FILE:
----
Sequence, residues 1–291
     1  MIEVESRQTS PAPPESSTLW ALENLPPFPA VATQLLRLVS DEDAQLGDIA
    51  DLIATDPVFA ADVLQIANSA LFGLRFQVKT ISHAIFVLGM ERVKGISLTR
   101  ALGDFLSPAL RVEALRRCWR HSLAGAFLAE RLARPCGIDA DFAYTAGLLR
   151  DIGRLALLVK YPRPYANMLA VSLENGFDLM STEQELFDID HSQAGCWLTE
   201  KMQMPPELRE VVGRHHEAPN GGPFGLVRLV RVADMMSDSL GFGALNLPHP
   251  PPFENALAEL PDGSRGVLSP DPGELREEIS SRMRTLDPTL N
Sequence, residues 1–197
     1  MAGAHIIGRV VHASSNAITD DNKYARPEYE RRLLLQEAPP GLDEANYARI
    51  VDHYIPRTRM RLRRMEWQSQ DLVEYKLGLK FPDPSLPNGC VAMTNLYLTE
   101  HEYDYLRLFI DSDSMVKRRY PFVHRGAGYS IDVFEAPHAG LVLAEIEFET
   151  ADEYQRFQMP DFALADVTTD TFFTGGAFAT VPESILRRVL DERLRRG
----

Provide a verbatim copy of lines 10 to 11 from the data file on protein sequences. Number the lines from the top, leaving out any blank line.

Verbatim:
    51  VDHYIPRTRM RLRRMEWQSQ DLVEYKLGLK FPDPSLPNGC VAMTNLYLTE
   101  HEYDYLRLFI DSDSMVKRRY PFVHRGAGYS IDVFEAPHAG LVLAEIEFET